Churches For Apologetics: A Petition.
The leadership and overall community of the Christian Apologetics Alliance  are highly motivated to encourage and equip the church in defending the faith using the tools available through Christian apologetics. It is their desire to see local churches everywhere creating and fostering a safe environment of questioning and learning in which members of Christ’s body are enabled and empowered to confront the hard questions that target the faith and consequently grow in strength, knowledge, and confidence. Apologetics in the church is no less important and relevant today than it was over 150 years ago when Wilberforce noted the following: 
In an age in which infidelity abounds, do we observe them [parents] carefully instructing their children in the principles of faith which they profess? Or do they furnish their children with arguments for the defense of that faith? They would blush on their child’s birth to think him inadequate in any branch of knowledge or any skill pertaining to his station in life. He cultivates these skills with becoming diligence. But he is left to collect his religion as he may. The study of Christianity has formed no part of his education. His attachment to it—where any attachment to it exists at all—is too often not the preference of sober reason and conviction. Instead his attachment to Christianity is merely the result of early and groundless possession. He was born in a Christian country, so of course he is a Christian. His father was a member of the Church of England, so that is why he is, too. When religion is handed down among us by heredity succession, it is not surprising to find youth of sense and spirit beginning to question the truth of the system in which they were brought up. And it is not surprising to see them abandon a position which they are unable to defend.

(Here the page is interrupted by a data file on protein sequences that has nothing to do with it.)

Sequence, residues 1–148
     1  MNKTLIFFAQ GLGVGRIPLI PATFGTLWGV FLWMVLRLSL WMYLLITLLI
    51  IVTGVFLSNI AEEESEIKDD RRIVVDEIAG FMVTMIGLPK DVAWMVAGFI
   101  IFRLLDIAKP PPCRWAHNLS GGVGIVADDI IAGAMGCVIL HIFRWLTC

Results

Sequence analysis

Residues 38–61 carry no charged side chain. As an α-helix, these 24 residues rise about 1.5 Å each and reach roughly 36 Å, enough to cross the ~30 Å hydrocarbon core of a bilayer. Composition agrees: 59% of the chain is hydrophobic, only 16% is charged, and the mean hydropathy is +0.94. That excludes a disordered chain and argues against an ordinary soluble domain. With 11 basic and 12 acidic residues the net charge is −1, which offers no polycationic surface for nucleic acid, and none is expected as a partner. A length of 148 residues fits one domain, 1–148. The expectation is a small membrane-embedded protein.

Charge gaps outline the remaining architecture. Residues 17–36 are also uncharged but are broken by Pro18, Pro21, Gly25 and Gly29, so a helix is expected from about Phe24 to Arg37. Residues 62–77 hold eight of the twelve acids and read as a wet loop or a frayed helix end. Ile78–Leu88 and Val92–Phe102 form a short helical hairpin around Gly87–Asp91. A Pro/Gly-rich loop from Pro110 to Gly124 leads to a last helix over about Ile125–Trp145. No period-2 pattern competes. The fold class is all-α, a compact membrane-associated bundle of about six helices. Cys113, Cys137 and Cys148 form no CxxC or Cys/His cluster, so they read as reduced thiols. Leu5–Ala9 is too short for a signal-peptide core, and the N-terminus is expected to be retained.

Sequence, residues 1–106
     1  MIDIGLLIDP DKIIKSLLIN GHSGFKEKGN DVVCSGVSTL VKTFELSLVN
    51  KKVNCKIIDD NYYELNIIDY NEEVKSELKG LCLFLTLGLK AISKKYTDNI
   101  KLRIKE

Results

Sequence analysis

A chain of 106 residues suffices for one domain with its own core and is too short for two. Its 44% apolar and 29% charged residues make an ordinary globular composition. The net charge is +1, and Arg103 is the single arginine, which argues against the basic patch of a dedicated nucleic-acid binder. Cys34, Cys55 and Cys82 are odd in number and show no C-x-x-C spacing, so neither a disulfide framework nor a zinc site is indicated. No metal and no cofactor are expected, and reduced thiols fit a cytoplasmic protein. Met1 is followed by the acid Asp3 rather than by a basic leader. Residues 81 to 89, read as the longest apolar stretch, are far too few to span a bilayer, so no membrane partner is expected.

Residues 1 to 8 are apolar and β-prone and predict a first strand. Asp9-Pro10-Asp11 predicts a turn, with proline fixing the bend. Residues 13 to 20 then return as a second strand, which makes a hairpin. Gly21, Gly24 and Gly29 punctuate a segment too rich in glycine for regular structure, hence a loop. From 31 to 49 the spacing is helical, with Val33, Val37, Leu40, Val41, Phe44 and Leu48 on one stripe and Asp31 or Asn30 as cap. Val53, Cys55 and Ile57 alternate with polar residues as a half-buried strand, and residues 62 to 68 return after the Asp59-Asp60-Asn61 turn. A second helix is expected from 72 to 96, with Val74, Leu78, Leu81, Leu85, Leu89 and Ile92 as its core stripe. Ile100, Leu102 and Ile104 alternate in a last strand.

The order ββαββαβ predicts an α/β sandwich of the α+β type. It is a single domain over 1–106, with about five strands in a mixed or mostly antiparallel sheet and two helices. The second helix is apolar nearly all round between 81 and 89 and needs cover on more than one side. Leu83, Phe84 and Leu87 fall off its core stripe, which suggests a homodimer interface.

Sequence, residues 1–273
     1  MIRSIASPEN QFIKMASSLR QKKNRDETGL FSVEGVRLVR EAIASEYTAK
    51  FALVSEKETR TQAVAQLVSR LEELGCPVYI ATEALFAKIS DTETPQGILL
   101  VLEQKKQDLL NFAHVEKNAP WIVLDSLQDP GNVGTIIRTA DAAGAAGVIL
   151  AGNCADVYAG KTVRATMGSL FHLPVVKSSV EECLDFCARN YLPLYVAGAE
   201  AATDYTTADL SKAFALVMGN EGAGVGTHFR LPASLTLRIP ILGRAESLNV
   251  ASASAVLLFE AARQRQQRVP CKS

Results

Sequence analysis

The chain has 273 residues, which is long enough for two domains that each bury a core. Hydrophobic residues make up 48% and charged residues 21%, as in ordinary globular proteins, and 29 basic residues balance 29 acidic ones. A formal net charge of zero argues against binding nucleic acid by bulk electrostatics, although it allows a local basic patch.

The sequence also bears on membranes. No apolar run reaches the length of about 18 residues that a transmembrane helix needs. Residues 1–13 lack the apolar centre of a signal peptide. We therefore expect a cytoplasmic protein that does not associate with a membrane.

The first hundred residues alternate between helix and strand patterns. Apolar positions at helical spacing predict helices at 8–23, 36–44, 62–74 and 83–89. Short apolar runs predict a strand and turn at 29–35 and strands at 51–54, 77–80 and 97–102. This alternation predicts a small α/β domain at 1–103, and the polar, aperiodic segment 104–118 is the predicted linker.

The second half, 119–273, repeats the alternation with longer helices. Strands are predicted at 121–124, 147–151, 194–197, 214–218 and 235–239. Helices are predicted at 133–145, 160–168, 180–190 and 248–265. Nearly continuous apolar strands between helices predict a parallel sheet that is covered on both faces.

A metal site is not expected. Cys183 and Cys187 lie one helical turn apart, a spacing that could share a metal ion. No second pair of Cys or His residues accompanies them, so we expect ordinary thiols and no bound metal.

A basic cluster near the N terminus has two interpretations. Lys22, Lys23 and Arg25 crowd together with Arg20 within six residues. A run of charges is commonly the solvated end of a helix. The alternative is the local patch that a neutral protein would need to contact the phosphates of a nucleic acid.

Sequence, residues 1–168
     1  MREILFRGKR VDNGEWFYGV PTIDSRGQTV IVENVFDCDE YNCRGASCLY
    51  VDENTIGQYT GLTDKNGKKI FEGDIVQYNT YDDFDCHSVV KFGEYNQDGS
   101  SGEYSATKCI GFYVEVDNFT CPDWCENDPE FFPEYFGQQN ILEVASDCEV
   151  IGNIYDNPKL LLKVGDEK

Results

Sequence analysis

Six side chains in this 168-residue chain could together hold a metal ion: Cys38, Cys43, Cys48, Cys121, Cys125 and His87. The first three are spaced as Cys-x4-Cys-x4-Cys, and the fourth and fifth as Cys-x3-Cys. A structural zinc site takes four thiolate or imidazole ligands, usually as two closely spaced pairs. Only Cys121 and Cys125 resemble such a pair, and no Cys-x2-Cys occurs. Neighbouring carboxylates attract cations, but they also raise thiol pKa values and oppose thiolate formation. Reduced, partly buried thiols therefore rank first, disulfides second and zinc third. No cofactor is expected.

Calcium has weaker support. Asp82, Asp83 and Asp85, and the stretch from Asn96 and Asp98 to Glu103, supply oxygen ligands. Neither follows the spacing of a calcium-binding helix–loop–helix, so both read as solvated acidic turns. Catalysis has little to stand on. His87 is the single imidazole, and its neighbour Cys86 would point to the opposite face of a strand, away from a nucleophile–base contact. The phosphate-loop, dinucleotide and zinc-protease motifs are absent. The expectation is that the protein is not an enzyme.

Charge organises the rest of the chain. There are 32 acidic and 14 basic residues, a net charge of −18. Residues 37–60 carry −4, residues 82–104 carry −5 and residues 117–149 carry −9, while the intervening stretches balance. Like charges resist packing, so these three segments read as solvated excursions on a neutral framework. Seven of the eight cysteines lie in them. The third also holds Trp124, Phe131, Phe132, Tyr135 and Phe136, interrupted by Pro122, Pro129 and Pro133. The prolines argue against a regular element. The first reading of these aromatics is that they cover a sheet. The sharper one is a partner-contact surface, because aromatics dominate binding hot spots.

According to Drew Dyck, the vast majority of those who leave the church recount how they “were regularly shut down when they expressed doubts. Some were ridiculed in front of peers for asking ‘insolent questions.’ Others reported receiving trite answers to vexing questions and being scolded for not accepting them.” He mentioned studies which found that deconverts reported “sharing their burgeoning doubts with a Christian friend or family member only to receive trite, unhelpful answers.” 
It is the earnest prayer of Christian Apologetics Alliance that every church commits to adopting an apologetics program designed to adequately and honestly address such difficult questions when they arise, and to equip a generation of leaders and teachers in the church who not only have a real passion for apologetics but who will also recognize the skepticism and doubt in others as an authentic spiritual plea.
Please add your voice to their petition and proclaim that you are committed to equipping and supporting your church with an apologetics program:
 Christian Apologetics Alliance [web site] [Facebook page].
 William Wilberforce, Real Christianity (1829; Multnomah, 1982), 1-2; quoted in J. P. Moreland, Love Your God With All Your Mind: The Role of Reason in the Life of the Soul (NavPress, 1997), 134-135. (All emphases mine.)
 Drew Dyck, “The Leavers: Young doubters exit the church,” Christianity Today (November 19, 2010), http://www.christianitytoday.com/ct/2010/november/27.40.html (Accessed January 20, 2013). “More than in previous generations, 20- and 30- somethings are abandoning the faith. Why?”